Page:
The Ocean Race to be “Climate Positive”

Sail News

The 2023 Ocean Race intends to be one of the world’s first climate positive sporting events, offsetting more greenhouse gasses than are produced. The two-fold effort means cutting emissions by 75 percent and investing in ocean projects that sequester carbon and restore ocean health.

“Sport has the power to inspire and accelerate action, and nowhere is this more important than in the race against climate change,” says Meegan Jones, Sustainability Advisor for The Ocean Race. “We’re drastically cutting emissions compared with the last Race in 2017-18, but creating a climate positive event can only happen with the support and input of every organization that the Race touches. While some event organizers offset their partners’ emissions, we believe that the responsibility should be on everyone involved to play their part. By doing this we don’t just reduce the impact of a single event, but help to create change throughout the industry.”

For most spectators at home, the only significant difference will be that the event will take place over six months rather than nine, which is sure to be grueling for the competitors. Otherwise, it’s all back-end changes like shipping fewer containers between stopover cities, reducing the number of staff flying from place to place, and the ambitious goal of powering every event site with 100 percent renewable energy.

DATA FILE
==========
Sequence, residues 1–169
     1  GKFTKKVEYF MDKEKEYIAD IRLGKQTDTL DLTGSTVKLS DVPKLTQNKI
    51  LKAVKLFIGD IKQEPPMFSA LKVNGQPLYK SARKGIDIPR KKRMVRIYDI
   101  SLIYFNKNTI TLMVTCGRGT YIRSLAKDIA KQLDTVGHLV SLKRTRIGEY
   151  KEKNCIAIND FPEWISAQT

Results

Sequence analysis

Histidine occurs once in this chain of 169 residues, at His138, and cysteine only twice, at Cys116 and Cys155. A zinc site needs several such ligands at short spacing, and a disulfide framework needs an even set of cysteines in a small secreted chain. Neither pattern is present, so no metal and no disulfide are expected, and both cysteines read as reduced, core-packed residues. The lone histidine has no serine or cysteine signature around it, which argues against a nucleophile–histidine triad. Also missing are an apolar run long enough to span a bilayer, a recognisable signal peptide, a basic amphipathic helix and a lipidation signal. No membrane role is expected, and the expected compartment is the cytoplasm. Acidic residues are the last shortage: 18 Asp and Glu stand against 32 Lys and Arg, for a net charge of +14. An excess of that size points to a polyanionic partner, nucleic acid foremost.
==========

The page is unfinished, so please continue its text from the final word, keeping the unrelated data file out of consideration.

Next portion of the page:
Race teams, host cities and partners will be monitoring their estimated carbon emissions in order to invest in blue carbon initiatives, which protect and regenerate mangrove habitats, sequestering carbon, protecting coastlines, and providing wildlife habitats. These carbon sequestration projects aim to offset the greenhouse gasses produced by the event.

“While the public conversation around the issue has shifted from the term ‘change’ to ‘crisis’ and ’emergency’, we all need to take bolder steps to reduce our emissions,” says Alessandra Ghezzi, Communications Director of The Ocean Race’s Premiere Partner 11th Hour Racing. “We can do this only through strategic collaborations. At 11th Hour Racing we are supporting The Ocean Race so they can provide the blueprint for running world-class sporting events while also being climate positive. All the how-to materials will be available online to any organization, event, and team to set their own climate goals and strategy.” 11th Hour Racing is also the title sponsor of the American IMOCA 60 team spearheaded by Mark Towill and Charlie Enright, which has recently released a build report on their emission-cutting IMOCA 60 Malama and is working to help yacht building supply chains move towards greener materials and practices.

The next edition of the race starts in Alicante, Spain, on January 15, 2023. For more, visit

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